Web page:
Saturday, November 10, 2012

Graphic portraiture style by Julian Opie at Sakshi

Julian Opie's gripping graphic portraiture style plus his usage of captivating computer-aided design has allowed him move smoothly between the fields of commercial design and contemporary art. In his canvases, on view at Mumbai’s Sakshi Gallery, there is no usage of a paintbrush, or the human touch, for that matter. His trademark style is characterized by his pristine forms created via techniques used for making advertising billboards and road signs. Here's a quick look at the artist's career:
  • Julian Opie was born in London in 1958, and studied at Goldsmiths College of Art from 1979 - 1982. He lives and works in London. Opie's early works are narrative: irreverent, tongue-in-cheek sculptures based on famous works of art, of everyday objects such food, furniture and books, made from cut and painted steel. In 2000 the artist was commissioned for the cover design of an album for renowned British band Blur. He created an LED projection in 2006 for U2's Vertigo world tour.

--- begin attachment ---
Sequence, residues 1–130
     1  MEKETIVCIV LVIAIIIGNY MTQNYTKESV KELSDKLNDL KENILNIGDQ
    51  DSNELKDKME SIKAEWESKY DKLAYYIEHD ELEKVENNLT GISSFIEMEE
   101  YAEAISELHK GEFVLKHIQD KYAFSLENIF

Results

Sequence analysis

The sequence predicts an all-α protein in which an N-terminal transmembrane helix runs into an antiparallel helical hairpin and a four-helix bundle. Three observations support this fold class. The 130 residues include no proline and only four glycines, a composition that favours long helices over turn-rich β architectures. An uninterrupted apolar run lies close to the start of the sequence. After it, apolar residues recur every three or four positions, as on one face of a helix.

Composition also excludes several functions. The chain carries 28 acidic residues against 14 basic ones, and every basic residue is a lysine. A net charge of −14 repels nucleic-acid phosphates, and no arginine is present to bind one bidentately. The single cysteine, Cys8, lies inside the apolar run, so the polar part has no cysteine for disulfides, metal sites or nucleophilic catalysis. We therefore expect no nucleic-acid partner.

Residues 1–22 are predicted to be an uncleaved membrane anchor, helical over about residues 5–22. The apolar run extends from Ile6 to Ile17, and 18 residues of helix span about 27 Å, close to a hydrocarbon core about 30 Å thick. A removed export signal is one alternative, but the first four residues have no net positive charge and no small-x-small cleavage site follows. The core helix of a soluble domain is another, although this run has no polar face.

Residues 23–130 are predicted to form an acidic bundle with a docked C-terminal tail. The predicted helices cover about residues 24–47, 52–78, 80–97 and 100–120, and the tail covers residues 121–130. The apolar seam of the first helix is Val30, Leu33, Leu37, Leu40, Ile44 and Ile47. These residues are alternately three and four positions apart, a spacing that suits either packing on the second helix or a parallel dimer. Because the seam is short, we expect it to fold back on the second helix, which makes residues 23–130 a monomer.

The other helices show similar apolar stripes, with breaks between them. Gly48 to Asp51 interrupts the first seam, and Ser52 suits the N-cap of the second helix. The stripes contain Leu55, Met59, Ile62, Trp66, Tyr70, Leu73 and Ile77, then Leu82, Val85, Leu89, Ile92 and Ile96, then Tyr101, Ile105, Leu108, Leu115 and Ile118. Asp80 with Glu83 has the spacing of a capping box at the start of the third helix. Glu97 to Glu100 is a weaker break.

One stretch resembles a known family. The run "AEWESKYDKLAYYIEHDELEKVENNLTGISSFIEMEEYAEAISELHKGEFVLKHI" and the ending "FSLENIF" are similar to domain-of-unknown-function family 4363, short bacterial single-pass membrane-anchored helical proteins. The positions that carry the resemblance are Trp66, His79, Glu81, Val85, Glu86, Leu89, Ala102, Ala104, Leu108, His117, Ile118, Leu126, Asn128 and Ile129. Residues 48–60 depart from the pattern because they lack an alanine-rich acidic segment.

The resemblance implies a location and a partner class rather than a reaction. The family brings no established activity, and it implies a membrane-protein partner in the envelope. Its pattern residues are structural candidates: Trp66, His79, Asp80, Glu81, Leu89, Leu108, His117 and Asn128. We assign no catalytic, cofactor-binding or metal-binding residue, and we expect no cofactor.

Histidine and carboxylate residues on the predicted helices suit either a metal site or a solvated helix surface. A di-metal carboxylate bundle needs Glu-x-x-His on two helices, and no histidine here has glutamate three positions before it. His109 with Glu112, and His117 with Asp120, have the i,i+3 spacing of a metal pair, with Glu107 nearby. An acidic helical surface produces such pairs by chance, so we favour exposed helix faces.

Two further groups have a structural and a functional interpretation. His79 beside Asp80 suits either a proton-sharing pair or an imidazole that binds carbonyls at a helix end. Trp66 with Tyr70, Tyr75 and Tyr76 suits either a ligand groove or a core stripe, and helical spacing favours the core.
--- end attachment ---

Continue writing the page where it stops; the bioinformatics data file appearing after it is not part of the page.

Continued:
• Later works, also made from steel but with an entirely different surface finish, suggested the cool precision of domestic appliances and 'white' goods. His work developed an architectural presence with sculptures made from metal or wood, which recall offices, houses and the architectural detailing of public spaces, combined with references to geometric abstract art and reduced to their most basic elements.
  • Over the past decade he has consistently pursued painting with a strong graphic and pared down style. Drawing from influences as diverse as billboard signs, classical portraiture and sculpture, to classical Japanese woodblock prints, Opie 'paints' using a variety of media and technologies which enable him to make three-dimensional explorations of his subjects.
  • An example of this is ‘Suzanne Walking’ (2005) which portrays one of Opie's most commonly featured muses. The use of a lenticular print gives the illusion of depth and movement, bringing Suzanne to life as the viewer walks around the work.
(Information courtesy: The British Council)

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